Why do we still need physical models to design and carry out architectural projects in the digital age, despite the possibilities of rendering and simulating buildings and connected spaces?
Isle of Models sets out in search of answers to this question based on the central role of model making in the School of architecture at EPFL Lausanne.
From façade sections, spatial studies and structural models to studies of form, the contributing authors analyse the nature and relevance of the model in architectural design. The history of the model, its use in historical architectural production is also discussed in this framework.
The accompanying series of images illustrate the different forms and possibilities which the model can offer for and in the design process.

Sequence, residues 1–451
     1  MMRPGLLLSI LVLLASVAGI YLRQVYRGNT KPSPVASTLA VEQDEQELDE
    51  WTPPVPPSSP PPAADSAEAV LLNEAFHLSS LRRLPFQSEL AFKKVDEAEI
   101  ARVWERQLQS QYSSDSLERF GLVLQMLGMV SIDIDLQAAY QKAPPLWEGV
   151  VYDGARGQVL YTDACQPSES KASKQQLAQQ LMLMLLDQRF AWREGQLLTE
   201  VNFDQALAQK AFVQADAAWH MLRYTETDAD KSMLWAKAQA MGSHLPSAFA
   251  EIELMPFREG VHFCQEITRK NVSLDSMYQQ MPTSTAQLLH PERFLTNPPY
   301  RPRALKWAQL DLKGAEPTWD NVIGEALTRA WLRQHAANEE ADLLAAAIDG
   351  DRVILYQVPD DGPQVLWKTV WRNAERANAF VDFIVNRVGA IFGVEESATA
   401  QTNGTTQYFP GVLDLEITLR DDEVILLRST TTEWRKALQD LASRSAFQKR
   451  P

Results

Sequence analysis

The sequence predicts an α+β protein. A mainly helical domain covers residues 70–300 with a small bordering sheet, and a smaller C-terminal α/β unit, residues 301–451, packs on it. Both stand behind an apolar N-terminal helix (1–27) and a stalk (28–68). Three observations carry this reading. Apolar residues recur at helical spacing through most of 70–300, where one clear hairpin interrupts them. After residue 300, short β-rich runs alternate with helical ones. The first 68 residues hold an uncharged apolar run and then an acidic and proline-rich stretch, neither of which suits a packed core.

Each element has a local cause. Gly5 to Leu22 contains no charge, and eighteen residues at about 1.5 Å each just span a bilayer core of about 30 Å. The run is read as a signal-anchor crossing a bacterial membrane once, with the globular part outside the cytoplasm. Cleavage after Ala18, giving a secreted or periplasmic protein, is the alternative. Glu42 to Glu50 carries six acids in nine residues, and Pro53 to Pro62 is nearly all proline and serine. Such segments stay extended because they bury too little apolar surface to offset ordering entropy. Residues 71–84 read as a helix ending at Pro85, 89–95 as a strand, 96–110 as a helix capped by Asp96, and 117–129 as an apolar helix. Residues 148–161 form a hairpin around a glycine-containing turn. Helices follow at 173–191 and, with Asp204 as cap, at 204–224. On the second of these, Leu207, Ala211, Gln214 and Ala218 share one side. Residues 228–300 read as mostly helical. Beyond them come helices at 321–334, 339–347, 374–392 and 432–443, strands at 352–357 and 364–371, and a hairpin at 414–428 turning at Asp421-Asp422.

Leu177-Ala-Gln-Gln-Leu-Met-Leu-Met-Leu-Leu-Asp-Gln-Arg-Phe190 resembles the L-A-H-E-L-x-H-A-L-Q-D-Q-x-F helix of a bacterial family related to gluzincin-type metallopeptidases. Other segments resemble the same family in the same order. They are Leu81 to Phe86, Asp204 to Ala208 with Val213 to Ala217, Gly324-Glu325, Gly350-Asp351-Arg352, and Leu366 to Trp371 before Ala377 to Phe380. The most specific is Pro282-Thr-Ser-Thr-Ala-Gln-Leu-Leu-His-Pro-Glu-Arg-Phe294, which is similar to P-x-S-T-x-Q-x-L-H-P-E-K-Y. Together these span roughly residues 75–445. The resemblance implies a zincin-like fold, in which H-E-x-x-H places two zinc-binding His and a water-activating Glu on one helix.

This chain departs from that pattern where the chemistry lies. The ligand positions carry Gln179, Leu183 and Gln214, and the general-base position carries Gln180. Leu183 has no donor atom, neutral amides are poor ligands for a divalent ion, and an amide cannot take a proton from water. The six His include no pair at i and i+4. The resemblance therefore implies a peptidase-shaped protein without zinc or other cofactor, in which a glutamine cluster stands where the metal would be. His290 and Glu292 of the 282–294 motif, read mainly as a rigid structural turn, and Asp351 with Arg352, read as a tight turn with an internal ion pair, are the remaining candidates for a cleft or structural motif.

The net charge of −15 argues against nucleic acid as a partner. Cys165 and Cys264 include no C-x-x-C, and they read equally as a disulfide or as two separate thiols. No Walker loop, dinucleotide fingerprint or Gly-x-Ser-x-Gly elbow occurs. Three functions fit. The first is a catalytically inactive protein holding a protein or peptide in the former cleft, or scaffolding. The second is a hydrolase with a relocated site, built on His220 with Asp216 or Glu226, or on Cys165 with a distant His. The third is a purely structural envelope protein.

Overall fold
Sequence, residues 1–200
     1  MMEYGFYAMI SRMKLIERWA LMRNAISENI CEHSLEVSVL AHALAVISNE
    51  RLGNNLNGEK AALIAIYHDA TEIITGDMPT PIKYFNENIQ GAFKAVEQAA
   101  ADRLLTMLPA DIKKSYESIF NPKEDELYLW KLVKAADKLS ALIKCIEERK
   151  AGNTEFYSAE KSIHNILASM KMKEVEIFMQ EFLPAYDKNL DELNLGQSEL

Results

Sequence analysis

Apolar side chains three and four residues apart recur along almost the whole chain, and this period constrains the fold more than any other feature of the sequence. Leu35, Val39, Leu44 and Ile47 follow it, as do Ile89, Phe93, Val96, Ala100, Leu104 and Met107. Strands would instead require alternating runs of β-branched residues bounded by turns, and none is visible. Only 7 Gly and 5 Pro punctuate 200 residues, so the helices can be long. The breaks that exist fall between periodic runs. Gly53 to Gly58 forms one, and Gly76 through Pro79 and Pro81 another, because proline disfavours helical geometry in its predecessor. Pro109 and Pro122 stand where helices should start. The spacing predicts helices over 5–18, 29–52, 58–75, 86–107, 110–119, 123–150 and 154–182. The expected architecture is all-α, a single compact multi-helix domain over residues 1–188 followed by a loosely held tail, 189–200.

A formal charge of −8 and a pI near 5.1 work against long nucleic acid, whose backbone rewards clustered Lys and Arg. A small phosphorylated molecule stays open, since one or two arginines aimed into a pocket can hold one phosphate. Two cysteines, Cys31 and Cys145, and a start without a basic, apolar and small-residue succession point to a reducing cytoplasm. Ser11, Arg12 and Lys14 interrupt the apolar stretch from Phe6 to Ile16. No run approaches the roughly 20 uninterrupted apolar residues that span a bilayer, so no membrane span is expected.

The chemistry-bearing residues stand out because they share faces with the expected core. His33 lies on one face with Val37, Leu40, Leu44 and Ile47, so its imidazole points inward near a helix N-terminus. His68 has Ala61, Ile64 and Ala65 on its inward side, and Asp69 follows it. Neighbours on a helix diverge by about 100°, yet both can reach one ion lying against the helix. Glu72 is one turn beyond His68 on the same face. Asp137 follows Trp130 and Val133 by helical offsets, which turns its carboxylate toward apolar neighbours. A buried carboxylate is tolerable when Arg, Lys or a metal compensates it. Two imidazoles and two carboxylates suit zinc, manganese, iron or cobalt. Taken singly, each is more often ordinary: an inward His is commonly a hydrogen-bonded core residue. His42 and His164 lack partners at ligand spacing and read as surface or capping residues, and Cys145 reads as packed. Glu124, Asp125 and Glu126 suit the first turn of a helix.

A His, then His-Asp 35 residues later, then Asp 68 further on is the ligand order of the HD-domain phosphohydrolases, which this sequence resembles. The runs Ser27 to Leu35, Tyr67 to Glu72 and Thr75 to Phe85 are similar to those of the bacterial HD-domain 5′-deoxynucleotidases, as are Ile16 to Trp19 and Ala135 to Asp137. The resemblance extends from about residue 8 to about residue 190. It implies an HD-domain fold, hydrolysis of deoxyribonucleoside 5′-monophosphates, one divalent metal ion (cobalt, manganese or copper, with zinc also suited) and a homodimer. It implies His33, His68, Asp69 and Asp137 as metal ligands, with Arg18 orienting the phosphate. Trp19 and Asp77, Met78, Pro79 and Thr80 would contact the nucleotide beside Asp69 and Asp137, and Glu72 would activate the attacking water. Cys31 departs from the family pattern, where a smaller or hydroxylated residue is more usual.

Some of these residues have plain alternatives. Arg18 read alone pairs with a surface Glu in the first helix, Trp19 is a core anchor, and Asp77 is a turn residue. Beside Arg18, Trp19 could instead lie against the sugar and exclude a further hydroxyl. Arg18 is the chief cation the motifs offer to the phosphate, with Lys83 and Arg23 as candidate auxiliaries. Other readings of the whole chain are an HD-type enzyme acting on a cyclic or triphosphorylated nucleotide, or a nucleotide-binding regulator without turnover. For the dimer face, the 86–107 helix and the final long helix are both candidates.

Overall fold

Be it hypnotic precision in miniaturising reality, an echo of childhood games, or a promise for the future: the model is possessed of extraordinary suggestive power. As a tool or as a communication medium, it lends form to visual or spatial concepts and makes them palpable.
Whatever the role assigned to models, spatial studies, mockups, sculptures, etc.—given their importance in developing and creating a building it goes without saying that a significant share of all building history was erected upon their diminutive foundations.
With contributions by Nadja Maillard, Cyril Veillon, Christophe Van Gerrewey, Nicola Braghieri, Atelier East, Eric Lapierre, Jo Taillieu and others.